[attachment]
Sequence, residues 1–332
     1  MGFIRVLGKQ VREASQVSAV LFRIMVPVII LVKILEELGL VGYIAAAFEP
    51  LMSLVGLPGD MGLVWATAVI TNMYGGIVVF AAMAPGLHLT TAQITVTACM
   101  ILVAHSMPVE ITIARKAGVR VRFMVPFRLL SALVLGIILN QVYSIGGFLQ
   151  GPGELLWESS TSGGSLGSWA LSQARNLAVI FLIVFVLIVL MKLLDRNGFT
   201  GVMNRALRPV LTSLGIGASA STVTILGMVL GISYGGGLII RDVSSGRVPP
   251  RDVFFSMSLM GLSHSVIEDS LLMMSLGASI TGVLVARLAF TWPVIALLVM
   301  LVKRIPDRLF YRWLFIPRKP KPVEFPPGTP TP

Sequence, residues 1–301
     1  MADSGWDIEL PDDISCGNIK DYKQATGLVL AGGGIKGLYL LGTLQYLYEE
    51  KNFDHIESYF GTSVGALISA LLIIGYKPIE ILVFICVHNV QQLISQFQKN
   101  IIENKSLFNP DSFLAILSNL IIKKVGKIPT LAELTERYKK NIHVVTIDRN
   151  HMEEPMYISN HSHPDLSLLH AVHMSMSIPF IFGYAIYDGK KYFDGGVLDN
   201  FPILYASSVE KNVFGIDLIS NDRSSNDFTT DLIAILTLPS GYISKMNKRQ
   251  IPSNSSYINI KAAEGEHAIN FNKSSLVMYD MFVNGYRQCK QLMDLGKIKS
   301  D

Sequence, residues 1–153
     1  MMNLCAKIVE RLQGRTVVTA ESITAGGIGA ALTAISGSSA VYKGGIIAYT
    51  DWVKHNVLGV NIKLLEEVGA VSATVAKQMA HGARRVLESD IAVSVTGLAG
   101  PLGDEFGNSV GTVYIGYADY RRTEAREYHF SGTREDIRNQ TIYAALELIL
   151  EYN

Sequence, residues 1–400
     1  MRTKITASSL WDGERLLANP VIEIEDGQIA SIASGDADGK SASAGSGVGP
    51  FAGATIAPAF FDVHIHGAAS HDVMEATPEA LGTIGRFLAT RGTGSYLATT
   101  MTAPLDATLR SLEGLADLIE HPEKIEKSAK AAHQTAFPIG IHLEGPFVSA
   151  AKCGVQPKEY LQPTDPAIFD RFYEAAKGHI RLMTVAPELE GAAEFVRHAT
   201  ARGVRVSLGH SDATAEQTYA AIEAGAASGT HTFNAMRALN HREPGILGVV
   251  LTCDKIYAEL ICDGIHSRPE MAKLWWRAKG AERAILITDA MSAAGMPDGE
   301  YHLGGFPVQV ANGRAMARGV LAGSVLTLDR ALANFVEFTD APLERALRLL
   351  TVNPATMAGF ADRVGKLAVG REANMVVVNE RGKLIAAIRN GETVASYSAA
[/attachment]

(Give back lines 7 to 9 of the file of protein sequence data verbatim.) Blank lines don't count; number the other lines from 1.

   251  RDVFFSMSLM GLSHSVIEDS LLMMSLGASI TGVLVARLAF TWPVIALLVM
   301  LVKRIPDRLF YRWLFIPRKP KPVEFPPGTP TP

Sequence, residues 1–301